More on Formlessness, From the Diary of Peyton Dracco

silhouette of man standing at lake

More on formlessness and its power

Monday, June 5th of 2017. 51 minutes past midnight.

A short break from drafting up business documents is complimented by a follow up to my former post.

Being formless allows the notions of friend and foe to dissolve; it makes it known that there is no such thing as an external enemy or ally. These concepts, although intangible, are forms themselves and can only attach to other types of forms. On these grounds, formlessness gives you the ability to take the shape that other forms need to attach themselves to; it gives you a choice to be despised, desired or any seemingly true sentiment that other forms can conceive.

More on formlessness
Formlessness and Power

Let’s get one thing clear: this doesn’t mean that there are no absolutes, nor does it negate the concept of objectivity; it only shows that people cannot live [happily] within these constructs, and as I said on my first rant about the drunk and my beer glass: reality is something we are meant to live in; we are not meant to understand it. I will submit now that we are incapable of understanding it.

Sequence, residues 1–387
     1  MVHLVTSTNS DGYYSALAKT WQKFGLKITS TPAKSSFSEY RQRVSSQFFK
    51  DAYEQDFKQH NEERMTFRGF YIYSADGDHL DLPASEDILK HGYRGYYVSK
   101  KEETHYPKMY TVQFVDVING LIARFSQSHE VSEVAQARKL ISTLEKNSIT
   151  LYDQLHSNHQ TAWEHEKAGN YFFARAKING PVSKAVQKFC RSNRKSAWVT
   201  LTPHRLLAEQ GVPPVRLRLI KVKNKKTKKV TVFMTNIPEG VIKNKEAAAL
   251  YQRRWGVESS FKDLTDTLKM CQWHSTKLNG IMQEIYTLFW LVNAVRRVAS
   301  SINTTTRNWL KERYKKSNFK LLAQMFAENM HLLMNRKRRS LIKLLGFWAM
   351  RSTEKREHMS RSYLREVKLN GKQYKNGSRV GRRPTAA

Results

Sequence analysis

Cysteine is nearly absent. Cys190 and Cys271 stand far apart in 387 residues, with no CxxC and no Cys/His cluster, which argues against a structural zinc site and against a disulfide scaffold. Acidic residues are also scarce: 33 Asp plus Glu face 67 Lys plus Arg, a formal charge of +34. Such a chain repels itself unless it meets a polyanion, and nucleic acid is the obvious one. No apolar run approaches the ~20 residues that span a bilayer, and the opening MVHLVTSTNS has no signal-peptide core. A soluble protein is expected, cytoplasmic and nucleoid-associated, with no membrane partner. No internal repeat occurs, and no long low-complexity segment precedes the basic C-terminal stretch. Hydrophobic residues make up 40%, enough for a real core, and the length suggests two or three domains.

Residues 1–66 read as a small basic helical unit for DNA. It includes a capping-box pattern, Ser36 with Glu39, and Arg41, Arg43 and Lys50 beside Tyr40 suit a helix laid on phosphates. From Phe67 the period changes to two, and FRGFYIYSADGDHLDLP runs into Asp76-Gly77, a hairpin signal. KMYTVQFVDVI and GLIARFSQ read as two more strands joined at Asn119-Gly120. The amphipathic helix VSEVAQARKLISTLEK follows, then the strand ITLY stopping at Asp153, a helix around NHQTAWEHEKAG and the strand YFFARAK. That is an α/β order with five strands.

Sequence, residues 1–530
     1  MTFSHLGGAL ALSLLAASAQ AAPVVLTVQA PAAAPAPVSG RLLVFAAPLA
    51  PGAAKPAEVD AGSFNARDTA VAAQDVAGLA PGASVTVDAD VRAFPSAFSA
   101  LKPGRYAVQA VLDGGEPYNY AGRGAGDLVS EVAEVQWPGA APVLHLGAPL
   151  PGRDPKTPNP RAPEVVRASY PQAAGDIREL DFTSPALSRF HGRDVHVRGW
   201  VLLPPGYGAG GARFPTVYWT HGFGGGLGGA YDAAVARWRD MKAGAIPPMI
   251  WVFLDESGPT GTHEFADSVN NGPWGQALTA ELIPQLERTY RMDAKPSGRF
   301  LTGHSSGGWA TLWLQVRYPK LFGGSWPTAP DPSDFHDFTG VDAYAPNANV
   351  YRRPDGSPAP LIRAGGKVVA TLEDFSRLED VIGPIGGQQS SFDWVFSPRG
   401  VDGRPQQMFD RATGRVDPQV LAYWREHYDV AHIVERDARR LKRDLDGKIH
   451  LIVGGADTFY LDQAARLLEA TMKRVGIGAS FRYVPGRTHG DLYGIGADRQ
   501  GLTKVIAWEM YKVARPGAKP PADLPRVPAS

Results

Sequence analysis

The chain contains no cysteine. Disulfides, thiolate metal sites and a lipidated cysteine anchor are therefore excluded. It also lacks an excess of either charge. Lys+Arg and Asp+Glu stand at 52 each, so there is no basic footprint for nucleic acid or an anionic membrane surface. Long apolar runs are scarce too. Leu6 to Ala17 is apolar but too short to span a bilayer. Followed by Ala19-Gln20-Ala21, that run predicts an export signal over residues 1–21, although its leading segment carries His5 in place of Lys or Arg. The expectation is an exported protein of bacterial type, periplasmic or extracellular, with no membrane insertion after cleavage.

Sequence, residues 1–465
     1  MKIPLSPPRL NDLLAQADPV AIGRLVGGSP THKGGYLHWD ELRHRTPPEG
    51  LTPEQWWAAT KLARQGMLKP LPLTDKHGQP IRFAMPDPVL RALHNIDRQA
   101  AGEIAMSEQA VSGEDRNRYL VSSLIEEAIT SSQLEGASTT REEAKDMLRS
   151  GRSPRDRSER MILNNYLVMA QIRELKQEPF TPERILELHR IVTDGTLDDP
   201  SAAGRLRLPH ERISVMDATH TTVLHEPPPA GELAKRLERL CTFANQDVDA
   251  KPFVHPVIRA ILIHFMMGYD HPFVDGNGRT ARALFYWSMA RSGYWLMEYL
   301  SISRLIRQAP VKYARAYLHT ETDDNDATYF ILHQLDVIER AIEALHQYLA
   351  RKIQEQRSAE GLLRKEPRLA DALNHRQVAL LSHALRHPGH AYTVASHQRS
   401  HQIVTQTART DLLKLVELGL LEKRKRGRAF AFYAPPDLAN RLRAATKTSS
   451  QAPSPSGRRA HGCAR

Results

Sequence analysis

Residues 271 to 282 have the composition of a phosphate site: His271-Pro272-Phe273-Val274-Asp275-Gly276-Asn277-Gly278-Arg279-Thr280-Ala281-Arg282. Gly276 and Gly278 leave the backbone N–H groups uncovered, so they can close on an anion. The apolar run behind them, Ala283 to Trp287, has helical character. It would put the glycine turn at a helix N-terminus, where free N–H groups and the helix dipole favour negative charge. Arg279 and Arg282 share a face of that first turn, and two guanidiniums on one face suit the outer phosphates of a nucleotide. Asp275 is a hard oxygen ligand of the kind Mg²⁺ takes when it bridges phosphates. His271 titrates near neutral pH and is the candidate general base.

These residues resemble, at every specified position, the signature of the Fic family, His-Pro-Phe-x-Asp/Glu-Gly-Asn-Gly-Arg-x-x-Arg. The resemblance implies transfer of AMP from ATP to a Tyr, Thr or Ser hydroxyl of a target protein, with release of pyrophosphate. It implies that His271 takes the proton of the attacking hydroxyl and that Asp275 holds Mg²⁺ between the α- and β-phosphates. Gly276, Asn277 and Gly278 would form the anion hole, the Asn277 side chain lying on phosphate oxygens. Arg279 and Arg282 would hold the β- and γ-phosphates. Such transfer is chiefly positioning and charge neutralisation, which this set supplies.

Look at the people around you and see their form, their behaviour, their choice of movements, and realise that they are predictable… that every action they commit comes from a deep need to satisfy that form. This need prevents them from making authentic choices.

It makes sense that if more on formlessness is necessary for the ideal condition, that we should strive to be formless. And if you have that question happen to you as you read this, then you may have what it takes to get there.

As always the struggle to accept who and what I am, will lead me to psychological freedom.

— The Devil Unbound, For Peyton J. Dracco

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